Francesco Sorrentino
Francesco Sorrentino, assistant professor, UNM Department of Mechanical Engineering, and co-author of the paper, “Cluster Synchronization and Isolated Desynchronization in Complex Networks with Symmetries,”
Credit: John Sumrow

In most parts of the world, we take for granted that when we turn on a light switch, the light flicks on in an instant. Or when we have multiple large appliances running at the same time in our homes, the electricity flow remains plentiful and stable so that we don’t have to worry about turning on a television or vacuuming.

However, the minute something goes wrong — such as a blackout or a power surge — consumers are frustrated and baffled, and power experts are often left scratching their heads as to what went wrong. And in many parts of the world, electrical instability is a daily concern.

But new research examining the connection between what is known as network symmetry and cluster synchronization could some day lead to a solution to make power grids more stable. It could also have implications for treating neural network disorders of the brain, such as Parkinson’s disease.

Francesco Sorrentino, an assistant professor in the University of New Mexico Department of Mechanical Engineering, is the co-author of a paper, “Cluster Synchronization and Isolated Desynchronization in Complex Networks with Symmetries,” that appears in the current edition of Nature Communications. Sorrentino collaborated with researchers from the U.S. Naval Research Laboratory and the University of Maryland on the work.      

Phenomenon of Synchronization
S
orrentino and the research team examined synchronization, which is important in not just power distribution, but in telecommunications and biological networks.

Many networks have been observed to produce patterns of synchronized clusters, but predicting these clusters, and understanding the conditions under which they persist, has been difficult.

An interesting phenomenon, which initially puzzled the team of researchers, was the observation of what they called isolated desynchronization — that is, a cluster can become unstable when other clusters remain synchronized.

But, using an electro-optic network, the team has been able to perform a theoretical and experimental demonstration of the existence and stability of cluster synchronized solutions that are related to the “hidden” symmetries of the network. And the experiment displayed isolated desynchronization as well. Sorrentino said these are the key findings from their study.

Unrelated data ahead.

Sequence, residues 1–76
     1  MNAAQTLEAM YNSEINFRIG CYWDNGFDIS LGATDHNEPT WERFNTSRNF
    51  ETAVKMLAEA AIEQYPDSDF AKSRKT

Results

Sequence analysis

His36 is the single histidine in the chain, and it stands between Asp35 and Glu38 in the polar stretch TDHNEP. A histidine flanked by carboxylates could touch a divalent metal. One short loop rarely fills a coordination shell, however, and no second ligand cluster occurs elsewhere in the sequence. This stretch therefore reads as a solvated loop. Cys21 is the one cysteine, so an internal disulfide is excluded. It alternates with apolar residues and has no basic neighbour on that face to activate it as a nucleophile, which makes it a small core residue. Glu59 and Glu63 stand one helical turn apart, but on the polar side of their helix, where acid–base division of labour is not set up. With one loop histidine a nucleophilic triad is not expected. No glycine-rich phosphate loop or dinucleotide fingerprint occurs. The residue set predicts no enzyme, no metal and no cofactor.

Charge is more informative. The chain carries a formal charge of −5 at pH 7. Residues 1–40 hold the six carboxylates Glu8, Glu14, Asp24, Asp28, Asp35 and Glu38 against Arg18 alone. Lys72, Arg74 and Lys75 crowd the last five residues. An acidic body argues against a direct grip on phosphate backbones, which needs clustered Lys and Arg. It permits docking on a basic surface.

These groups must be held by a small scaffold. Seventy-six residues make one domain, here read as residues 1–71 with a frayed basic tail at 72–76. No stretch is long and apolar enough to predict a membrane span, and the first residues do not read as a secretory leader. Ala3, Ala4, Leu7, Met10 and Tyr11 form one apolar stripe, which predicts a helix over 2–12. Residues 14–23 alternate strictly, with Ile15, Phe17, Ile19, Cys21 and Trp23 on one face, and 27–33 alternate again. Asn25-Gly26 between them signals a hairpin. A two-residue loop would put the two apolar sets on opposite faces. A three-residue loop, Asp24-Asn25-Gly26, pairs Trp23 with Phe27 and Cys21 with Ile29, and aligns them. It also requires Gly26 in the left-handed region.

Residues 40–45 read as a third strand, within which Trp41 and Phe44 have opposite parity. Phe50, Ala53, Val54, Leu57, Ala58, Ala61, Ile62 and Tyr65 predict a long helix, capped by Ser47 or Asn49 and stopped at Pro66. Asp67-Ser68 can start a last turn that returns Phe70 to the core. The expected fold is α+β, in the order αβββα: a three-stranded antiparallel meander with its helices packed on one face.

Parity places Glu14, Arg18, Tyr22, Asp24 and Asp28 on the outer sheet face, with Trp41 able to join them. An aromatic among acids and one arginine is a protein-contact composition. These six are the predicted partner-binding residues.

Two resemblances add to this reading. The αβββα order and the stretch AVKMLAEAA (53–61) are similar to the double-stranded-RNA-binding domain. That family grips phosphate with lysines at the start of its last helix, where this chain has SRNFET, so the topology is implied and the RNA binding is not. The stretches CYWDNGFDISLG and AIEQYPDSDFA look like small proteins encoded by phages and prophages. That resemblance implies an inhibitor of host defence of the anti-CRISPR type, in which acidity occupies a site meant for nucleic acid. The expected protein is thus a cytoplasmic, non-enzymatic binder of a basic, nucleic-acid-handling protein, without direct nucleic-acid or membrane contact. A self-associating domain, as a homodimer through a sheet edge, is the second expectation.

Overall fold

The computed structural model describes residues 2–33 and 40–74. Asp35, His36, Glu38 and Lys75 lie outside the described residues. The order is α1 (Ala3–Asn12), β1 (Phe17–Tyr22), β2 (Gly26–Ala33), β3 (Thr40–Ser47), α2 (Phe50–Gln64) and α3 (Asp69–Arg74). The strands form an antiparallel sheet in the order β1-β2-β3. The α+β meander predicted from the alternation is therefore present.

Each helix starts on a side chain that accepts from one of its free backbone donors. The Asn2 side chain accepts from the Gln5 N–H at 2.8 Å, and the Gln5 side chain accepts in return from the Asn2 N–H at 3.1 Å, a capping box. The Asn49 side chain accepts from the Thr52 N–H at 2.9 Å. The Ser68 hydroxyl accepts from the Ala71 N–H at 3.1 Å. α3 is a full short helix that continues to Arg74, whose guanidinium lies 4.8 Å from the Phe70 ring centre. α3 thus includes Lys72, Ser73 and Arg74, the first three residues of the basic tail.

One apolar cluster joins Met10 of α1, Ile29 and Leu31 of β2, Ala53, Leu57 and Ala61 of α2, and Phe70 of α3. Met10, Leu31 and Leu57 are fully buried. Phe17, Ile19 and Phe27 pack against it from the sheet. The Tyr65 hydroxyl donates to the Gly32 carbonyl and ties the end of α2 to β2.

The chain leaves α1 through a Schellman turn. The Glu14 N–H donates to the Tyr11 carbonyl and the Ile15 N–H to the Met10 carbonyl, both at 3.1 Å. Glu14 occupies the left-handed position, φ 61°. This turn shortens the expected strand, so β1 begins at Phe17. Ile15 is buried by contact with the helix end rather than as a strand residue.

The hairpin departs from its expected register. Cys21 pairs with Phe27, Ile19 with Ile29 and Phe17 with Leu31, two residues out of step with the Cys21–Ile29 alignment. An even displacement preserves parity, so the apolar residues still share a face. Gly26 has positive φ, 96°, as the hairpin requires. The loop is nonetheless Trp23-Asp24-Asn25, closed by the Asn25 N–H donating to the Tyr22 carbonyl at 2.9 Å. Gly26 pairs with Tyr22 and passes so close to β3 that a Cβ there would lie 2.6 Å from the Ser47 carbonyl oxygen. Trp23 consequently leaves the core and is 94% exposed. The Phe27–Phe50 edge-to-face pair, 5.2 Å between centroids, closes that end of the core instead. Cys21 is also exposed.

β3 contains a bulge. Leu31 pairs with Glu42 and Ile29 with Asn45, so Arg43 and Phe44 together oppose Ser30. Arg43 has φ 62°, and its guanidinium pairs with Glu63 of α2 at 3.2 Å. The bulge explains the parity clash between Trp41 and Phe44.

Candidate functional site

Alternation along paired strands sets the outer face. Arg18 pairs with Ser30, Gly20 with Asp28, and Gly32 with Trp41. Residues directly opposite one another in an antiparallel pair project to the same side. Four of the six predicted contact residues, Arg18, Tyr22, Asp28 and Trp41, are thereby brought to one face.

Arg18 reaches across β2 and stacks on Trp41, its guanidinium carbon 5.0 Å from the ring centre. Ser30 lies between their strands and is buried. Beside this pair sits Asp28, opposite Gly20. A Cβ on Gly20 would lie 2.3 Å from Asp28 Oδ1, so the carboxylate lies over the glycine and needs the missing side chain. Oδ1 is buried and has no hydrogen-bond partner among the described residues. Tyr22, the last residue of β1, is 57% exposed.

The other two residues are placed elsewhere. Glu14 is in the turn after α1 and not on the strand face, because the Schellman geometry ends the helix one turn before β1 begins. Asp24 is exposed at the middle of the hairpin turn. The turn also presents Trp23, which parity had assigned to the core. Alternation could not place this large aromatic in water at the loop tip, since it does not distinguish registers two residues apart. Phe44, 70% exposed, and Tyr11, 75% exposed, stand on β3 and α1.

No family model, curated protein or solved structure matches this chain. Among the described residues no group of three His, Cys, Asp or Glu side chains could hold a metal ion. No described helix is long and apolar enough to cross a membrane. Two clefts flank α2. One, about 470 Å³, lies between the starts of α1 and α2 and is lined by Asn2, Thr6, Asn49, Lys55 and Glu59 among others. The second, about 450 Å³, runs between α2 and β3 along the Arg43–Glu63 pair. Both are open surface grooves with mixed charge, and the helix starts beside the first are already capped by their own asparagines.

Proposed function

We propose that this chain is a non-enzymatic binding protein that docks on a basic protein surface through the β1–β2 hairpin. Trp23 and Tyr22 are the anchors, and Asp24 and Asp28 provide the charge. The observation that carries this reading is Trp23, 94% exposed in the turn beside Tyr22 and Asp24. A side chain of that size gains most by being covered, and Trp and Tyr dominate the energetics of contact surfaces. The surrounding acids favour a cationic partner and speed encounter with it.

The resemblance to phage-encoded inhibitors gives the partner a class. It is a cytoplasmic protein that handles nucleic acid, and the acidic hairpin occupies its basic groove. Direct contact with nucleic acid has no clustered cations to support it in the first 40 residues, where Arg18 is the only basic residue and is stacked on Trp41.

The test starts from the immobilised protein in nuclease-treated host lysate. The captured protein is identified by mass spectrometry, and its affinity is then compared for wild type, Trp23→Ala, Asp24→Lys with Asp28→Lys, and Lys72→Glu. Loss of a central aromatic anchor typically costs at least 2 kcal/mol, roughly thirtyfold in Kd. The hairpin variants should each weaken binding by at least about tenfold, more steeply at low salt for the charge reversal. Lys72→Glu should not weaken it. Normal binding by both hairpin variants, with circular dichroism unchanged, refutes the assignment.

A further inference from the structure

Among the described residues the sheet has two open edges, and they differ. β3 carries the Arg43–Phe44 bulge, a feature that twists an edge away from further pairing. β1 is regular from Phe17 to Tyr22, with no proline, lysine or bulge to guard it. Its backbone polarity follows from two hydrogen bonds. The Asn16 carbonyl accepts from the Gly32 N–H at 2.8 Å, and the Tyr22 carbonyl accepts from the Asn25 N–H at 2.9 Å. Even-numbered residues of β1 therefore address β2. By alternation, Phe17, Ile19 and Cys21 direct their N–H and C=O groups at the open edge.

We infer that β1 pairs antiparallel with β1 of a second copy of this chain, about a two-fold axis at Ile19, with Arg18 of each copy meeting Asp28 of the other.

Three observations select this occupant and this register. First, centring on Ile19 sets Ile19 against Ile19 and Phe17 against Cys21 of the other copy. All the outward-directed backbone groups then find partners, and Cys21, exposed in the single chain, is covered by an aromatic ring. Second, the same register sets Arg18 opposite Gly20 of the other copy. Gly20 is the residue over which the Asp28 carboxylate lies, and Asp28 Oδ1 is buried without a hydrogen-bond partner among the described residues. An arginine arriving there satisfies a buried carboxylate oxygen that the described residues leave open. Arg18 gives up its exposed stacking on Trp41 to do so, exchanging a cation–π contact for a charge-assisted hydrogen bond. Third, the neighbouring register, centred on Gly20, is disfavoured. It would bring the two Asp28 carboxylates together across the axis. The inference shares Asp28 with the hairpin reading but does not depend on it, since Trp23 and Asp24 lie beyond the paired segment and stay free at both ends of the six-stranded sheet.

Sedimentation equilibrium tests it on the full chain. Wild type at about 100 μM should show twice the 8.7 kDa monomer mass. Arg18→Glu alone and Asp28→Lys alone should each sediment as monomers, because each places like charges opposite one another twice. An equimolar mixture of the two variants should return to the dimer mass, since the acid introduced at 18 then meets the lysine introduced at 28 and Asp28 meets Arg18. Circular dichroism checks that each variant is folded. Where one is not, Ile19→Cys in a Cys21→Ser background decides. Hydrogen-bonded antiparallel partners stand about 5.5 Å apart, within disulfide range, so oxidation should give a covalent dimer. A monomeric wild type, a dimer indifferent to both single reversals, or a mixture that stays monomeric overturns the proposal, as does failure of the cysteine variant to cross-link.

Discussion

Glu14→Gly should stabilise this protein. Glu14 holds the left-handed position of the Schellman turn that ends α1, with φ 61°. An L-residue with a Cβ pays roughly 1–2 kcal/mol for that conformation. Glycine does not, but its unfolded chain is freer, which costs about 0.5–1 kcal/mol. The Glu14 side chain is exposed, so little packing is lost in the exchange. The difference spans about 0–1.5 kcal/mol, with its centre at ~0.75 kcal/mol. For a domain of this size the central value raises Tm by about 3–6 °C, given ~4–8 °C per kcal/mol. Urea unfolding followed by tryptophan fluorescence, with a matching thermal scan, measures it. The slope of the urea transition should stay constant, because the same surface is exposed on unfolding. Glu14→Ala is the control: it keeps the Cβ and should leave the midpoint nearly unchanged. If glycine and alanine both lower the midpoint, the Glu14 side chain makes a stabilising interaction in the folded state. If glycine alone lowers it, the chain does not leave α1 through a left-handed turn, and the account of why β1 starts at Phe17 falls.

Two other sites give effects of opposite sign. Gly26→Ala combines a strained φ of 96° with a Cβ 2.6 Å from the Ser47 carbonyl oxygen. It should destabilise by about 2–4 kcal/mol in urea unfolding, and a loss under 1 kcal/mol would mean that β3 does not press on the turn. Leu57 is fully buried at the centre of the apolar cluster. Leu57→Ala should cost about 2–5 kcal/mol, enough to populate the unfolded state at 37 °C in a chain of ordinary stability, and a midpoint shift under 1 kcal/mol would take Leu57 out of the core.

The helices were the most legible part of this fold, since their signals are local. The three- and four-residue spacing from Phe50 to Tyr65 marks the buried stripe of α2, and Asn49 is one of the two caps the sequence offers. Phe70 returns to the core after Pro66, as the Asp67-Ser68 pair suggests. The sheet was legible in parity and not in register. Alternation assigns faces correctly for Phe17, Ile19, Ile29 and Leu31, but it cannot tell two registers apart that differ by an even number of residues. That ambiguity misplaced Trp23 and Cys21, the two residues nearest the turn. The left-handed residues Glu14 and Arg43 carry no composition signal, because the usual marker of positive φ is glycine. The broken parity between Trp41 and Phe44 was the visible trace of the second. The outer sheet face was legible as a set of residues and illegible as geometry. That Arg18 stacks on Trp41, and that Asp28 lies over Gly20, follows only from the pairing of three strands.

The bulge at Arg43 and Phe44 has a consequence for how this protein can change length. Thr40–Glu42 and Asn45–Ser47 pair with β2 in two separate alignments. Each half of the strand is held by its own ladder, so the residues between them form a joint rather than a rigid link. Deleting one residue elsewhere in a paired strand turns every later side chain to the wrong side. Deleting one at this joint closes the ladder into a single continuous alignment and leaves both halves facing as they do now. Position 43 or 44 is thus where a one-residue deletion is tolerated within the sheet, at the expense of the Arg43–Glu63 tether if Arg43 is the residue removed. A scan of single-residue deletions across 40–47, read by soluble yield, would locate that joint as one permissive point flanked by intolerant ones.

“It is quite surprising that such solutions may emerge and that they can be stable,” he said. “It is also surprising that large number of hidden symmetries are present in several networks we analyzed.”

Symmetries come in many guises
The team found from their analysis of many real-life networks, including the network of power generators of Nepal and the Mesa del Sol electric grid in Albuquerque, that symmetries could be commonplace, and so the possibility of isolated desynchronization exists.

Sorrentino describes symmetry as the state when two network nodes can be swapped without this altering the topological structure of the network. A cluster is a set of nodes that don’t necessarily have to be connected to each other that synchronize. For instance, in power grid terms, a cluster could be a set of power generators that are synchronized with each other but not to the rest of the network.

In power systems, synchronization is desired, as loss of synchrony — either with the formation of subclusters or individual nodes becoming desynchronized — is a dangerous event for the grid and can cause blackouts or uneven power distribution.

Synchronized electrical grids are ideal because, “we want current coming out of the electrical plugs to be synchronous,” Sorrentino said.

However, in biomedical applications, such as the case with epilepsy or Parkinson’s disease, synchronization isn’t always ideal, as having the different parts of the brain desynchronized could prevent the entire brain from becoming affected.

An additional significant finding is that while engineers may do everything they can to preserve synchronicity in the grid, they might not be able to tell exactly what went wrong when there are problems.

Sorrentino points out that the research is shedding light on areas and connections that have not been investigated heavily.

“It’s like we’re exploring the ‘dark side of the moon,'” Sorrentino said.

Solution to unstable power grids?
So is a solution to unstable power grids in the near future? Sorrentino’s work is currently in the theoretical stage, but putting that theory into real-life practice is a future goal.

“We work a lot with equations and models, and what we do is quite abstract, though quite cool,” he said. “But still the connection with real technical systems needs to be reinforced.”

Sorrentino’s research is focused on applying the theory of dynamical systems to model, analyze, and control the dynamics of complex distributed energy systems, such as power networks and smart grids. A recent study he co-authored, “Inhibition Causes Ceaseless Dynamics in Networks of Excitable Nodes,” published this spring in Physical Review Letters, shed some light on the activity of the brain’s neurological systems.

The research found that due to the presence of inhibitory connections, the baseline activity of the brain is ceaseless. These inhibitory connections form about 20 percent of the synapses in the brain cortex and are known to have important effects on several functions of the brain. However, the research points out that an additional effect may be that of ensuring that brain activity self-sustains itself even in the absence of external stimuli.